War Poems


Fields of Green


As summer left without a trace

There’s nothing left to mark the place

Where soldier fell and soldier died

Where nature heals and nature hides


Burnt earth and stubbled furrow

Hides the former cries of sorrow

Green shoots will emerge in spring

And fieldfares like trumpets sing


Until then the mists will form

Swirling like that fateful dawn

When young men and drummer boys fell

To the sounds of deepest hell


As the mist begins to clear

Sometimes if listening carefully one might hear

A distant battle cry of dread and fear

While a church bell tolls forever near


Brave men hidden on foreign soil

There’s nothing left to mark their toil

But nature has a way to repay

By creating fields of green, where brave men lay



Ghost Town


There is a city of silent souls

Where the wind blows with bitter cold

And the pavement is stained with the blood of men

Will there ever be freedom again


The walls are peppered with penetrative holes

And propaganda denouncing their roles

There is a mean streak as you walk down alleys

A place to walk past and not to dally


Burnt out cars on their backs

And debris from mortar attacks

Dereliction is left in its place

All signs of life have disappeared without trace


Graffiti on stanchions in blue and in red

And the crunched up glass where the last vehicle fled

The dappled light on shades of grey

Where the shadows of hero’s once laid


Traffic lights stuck on red

The tar macadam melted and bled

Blood spotted posters on walls that haunt the street

Remnants of riffles after a rapid retreat


Overturned buses like whales dead on a beach

Streetlights that dangle just out of reach

Churches with bell towers where nobody sings

Clock towers with clocks that no longer ring


Crossroads with road signs that point to the sky

The eerie vultures and scavengers cry

The reports on the news that seek to explain why

While politicians step up to distance themselves and deny




Bernie Drinkwater


Bernie Drinkwater lived by the sea

With his wife and his family

He worked hard with his beautiful wife

He volunteered to risk his life


He marched to the port, rifle in hand

And caught a ship to foreign lands

He didn’t know what to expect

Wanting to be brave without regret


He dug deep in a muddy trench

And hunkered down with his new found friends

Bullets flew overhead

With just a tin hat to protect his head


He stayed strong for days on end

Trusting his superiors and fellow men

Fatigue and lack of sleep

With cold penetrating his boots and hurting his feet


Finally, the order to march

Then a shout, then a charge

Guns and cannons firing at the hill

Taking the advantage and then in for the kill


The sky was red with fire filled smoke

A carbonised char of an enemy post

A burnt out shell, no sign of men

They’ve all retreated to fight again


Time to rest and write a note

To his beloved family back home

‘I’ve survived this one today, so that’s another ticked off

let’s hope it stops before I’ve had my lot’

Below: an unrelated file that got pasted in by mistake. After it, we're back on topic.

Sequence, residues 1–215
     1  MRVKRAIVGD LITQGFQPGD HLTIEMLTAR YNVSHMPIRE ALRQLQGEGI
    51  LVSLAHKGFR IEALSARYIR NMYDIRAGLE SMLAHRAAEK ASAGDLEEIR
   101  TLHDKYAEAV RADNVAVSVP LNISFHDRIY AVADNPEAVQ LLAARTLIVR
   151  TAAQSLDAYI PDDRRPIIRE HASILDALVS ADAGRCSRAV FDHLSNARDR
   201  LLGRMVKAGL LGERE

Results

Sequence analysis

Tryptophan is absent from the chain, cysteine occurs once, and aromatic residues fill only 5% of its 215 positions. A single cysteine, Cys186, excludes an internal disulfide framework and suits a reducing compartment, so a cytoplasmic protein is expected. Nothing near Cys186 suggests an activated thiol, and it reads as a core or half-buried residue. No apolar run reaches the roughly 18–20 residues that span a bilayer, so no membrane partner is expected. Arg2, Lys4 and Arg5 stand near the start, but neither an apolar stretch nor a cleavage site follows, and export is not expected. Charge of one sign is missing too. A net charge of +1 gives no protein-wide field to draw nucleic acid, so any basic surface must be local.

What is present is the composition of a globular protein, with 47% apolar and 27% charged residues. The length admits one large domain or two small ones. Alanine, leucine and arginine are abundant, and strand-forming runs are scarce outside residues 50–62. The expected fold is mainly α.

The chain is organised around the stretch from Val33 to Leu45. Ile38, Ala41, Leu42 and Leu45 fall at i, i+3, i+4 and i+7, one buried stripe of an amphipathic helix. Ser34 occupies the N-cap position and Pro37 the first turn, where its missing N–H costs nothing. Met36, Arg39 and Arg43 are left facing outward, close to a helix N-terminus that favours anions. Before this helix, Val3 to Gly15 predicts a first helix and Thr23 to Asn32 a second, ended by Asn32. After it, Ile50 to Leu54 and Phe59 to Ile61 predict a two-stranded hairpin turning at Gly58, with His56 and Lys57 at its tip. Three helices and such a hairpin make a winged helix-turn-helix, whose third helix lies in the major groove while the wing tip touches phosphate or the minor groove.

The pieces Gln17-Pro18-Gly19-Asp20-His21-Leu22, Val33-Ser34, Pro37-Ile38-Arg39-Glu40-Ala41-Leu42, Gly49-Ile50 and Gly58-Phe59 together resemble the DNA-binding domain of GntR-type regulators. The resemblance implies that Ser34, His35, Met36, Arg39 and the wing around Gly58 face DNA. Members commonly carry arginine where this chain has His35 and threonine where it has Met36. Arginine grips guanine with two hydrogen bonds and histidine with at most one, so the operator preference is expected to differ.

Bernie Drinkwater’s buried by the sea

With a plaque from his family

The bravest man we ever knew

Looks out to sea, to enjoy the view


They Marched in Rows


She lays the flowers on the grave of her fallen soldier brave

She hears the distant drums of the soldiers at the front

And in her pocket she squeezes tight a lock of hair

From the head of her young soldier fair


Her eyes show signs of her age

It’s been many years since her soldier past away

In her memory she sees him as clear as day

As she waved her soldier boy away


          They marched in rows

          They marched in tune

          Their buttons gleamed

          Their bayonets glistened


          With passion for tomorrows dawn

          Their eyes with expectation shone

          Their hearts with loyalty they burned

          They all expected to return



She stood in memory as the rain began to fall

As it did in France where the young men stood tall

A tear developed and tracked down the lines in her face

And she delicately wiped it away, leaving no trace


          They marched in rows

          They marched in tune

          Their buttons gleamed

          Their bayonets glistened


          Their eyes with expectation shone

          With passion for tomorrows dawn

          Their hearts with loyalty they burned

          They all expected to return


She tends the flowers ever day

And as she turns to walk away

She gives a final glance as if to say

We will be re-united one glorious day



Sitting in a Tin Can


Sitting in a tin can

Waiting for a delayed, muffled bang

Carrying the hopes and responsibilities

Of every man, woman and child


It’s like buying a ticket in a raffle

Each time though, you hope your number is not picked

The terror, the fright, the anguish and the sweat

Hoping this time you will not get wet


If you have to meet your maker

Please God make it swift and clean

No prolonged periods of torment

And suffering for your King and Queen


Comrades shaking quite profusely

Even the experienced men had beads of sweat

Pooling on their foreheads and dripping

Slowly onto blue stained naval tunics


The last thing any of them wanted

When they signed up to form a crew

Was to play Russian roulette with their lives

With someone unseen pulling on the trigger


The tin can made by men from Harland and Wolfe in Belfast

Sat in motionless suspension

As if weighted by pebbles from beside the ponds edge

Just invisible enough to let their foe pass ahead


This time their number had not been drawn

But their nerves were tattered and torn

Re-birth, rejoiced for a moment only

They collected their thoughts and continued their North Atlantic journey


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